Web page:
Tuesday, 17 November 2015

Murder Mysteries - Edward II

Not a promising start to Yesterday 's Medieval Murder Mysteries on Edward II.    The expert on Edward II?      Paul Doherty!   Defender of Isabella!   Kathryn Warner has cited numerous errors in his writings.  We also have the Berkeley family and various criminal barristers and psychologists, plus medical experts giving their views.   So you just know the red hot poker story will be centre stage.  Sure enough, Richard Felix, a 'historian' believes in the poker story entirely.   He states Edward II is a homosexual, and Isabella and Roger Mortimer were lovers.  He then repeats the poker story word for word.  Edward was murdered this way so as to show no marks on his body.   Yet Felix says his screams could be heard throughout the castle and lasted for 15 minutes.   No marks on the body but Edward's screams heard by all.   Isabella orchestrated it out of a perverse sexual jealousy to humiliate the king.  The programme actually showed a reconstruction and then computer generated skeleton/body with the injuries Edward might have suffered depending on how hot the poker was and the length to which it was inserted - yes, really!   It was gross - and I'm not going into detail here as do we really want to know these facts?  Edward may have died of a seizure, shock or a heart attack. The barristers and criminologists refute this as a ridiculous way to murder Edward.  Quite right!

The Berkeley family claim Edward was smothered in such a way as no marks were shown.   Linda, one of their guides, was the one who showed me around on my last visit, and explains this theory.  She concedes very few people viewed Edward's body and the body was hastily prepared for burial.   She mocks the idea of the survival of Edward living as a hermit in Italy - as if a Plantagenet king would do that!   A broken, weakened, tormented and repentant king may well have done this - especially to protect his son.

Doherty then puts forward the survival of Edward II.  He cites lack of witnesses, the burial not being at Westminster Abbey and Lord Berkeley's statement to parliament that he did not know the king was dead in 1329.   The Fieschi letter is only briefly mentioned.

So, the conclusion?   The red, hot poker story can surely be discounted as it was a complicated and a rather elaborate way to murder someone.   Natural causes seems too convenient, and most of the experts agree that Edward died at Berkeley Castle, probably suffocated, although his escape and survival cannot be discounted.   So basically, they don't know!  

I guess having the poker story demolished is a victory for historians like Kathryn and Ian Mortimer, and those of us who follow their blogs etc.   And the possible survival of Edward seriously considered another victory.  It's just a shame neither was invited to take part, and we had to have endless replays of Edward being tied up and gagged with a twisted look and cry of agony as the poker is inserted.   It was gratuitous and unnecessary.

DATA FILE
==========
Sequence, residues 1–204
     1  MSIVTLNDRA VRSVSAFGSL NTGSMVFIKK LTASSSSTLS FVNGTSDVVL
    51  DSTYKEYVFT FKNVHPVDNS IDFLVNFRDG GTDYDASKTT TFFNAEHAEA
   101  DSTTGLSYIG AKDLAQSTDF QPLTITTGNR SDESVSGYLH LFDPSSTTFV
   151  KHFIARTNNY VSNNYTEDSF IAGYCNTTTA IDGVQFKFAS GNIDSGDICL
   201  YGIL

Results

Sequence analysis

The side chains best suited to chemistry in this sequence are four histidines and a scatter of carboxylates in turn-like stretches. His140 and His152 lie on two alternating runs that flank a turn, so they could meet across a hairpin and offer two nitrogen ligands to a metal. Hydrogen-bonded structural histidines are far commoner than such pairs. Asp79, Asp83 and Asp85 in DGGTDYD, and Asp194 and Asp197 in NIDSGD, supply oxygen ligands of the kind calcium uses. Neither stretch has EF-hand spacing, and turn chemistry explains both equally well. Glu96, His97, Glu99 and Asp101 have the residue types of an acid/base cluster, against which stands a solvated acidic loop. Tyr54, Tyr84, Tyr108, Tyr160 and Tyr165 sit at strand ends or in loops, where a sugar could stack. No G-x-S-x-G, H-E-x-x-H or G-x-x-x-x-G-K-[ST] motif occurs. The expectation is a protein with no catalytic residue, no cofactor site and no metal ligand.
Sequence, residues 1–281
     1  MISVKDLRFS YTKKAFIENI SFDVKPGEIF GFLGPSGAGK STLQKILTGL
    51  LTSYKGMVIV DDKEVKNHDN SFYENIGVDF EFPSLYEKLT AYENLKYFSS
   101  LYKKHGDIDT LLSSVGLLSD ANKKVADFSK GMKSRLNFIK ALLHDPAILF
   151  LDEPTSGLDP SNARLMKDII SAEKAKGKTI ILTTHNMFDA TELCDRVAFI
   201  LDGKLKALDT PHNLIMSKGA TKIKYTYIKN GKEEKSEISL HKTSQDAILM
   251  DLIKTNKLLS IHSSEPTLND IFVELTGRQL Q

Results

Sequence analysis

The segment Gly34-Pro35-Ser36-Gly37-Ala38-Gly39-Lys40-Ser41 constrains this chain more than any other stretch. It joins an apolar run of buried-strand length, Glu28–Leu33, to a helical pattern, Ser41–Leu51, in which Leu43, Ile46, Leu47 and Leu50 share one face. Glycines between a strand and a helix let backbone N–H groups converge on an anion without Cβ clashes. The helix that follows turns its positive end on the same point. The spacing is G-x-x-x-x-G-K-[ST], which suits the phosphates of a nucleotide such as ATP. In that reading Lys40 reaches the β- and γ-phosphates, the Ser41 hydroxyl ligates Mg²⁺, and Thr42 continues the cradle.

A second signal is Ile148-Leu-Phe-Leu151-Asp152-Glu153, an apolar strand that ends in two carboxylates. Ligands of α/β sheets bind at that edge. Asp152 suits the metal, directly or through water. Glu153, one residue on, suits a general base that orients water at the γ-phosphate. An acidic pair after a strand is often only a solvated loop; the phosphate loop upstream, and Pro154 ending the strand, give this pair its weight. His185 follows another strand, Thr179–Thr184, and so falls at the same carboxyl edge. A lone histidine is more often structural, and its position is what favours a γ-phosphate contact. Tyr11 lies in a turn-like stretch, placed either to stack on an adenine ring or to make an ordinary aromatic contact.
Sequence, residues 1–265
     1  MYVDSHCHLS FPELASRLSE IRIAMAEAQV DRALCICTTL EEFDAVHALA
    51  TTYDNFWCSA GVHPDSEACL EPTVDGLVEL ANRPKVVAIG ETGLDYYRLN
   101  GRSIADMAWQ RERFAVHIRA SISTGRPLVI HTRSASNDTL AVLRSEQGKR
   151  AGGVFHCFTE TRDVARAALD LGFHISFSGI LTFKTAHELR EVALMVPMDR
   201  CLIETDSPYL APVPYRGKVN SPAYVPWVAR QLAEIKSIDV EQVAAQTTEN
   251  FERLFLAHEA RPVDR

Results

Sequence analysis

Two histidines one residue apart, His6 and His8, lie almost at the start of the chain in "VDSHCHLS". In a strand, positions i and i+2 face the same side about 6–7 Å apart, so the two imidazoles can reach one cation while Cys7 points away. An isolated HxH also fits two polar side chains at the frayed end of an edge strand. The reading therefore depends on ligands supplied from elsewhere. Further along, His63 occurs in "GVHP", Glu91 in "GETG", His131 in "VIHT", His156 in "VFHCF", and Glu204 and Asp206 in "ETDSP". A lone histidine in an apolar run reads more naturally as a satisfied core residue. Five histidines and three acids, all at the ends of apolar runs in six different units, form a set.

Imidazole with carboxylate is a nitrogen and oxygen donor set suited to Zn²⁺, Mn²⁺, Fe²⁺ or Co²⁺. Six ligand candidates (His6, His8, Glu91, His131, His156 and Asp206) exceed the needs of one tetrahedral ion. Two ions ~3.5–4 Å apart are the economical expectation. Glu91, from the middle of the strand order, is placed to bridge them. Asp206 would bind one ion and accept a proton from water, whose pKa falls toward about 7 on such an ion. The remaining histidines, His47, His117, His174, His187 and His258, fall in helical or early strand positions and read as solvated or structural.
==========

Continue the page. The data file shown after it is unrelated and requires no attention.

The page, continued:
Wednesday, 11 November 2015

UK TV channel Yesterday's Medieval Murder Mysteries

UK TV channel Yesterday has a new TV series called Medieval Murder Mysteries on Monday Evenings.   This week was all about Christopher Marlowe.   Next week is all about Edward II.   Marlowe's was all about conspiracy theories - dare we hope the episode on Edward II may entertain the theory that Edward actually survived?   Or will the focus be on the dreaded red hot poker story?  Or murder of some sort at Berkeley Castle?    I'm daring to look forward to it and will review it next week.

Thursday, 5 November 2015

Belated anniversary to Piers Gaveston and Margaret de Clare

I'm almost a week late but November 1st marked the anniversary of the wedding of Piers Gaveston and King Edward's niece, Margaret de Clare.   Margaret would only have been about 13 or 14, and undoubtedly would have expected to make a good match, being the King's niece.   We don't know what Margaret 's feelings were, but marrying the king's favourite and becoming Countess of Cornwall was a good match.  The marriage took place at Berkhamstead Castle.  Edward paid the grand sum of 7 pounds, 10 shillings and six pence in coins for well-wishers to throw over the couple at the church door.  He also gave the newlyweds jewels worth about 30 pounds - I'm sure Piers had first pick:)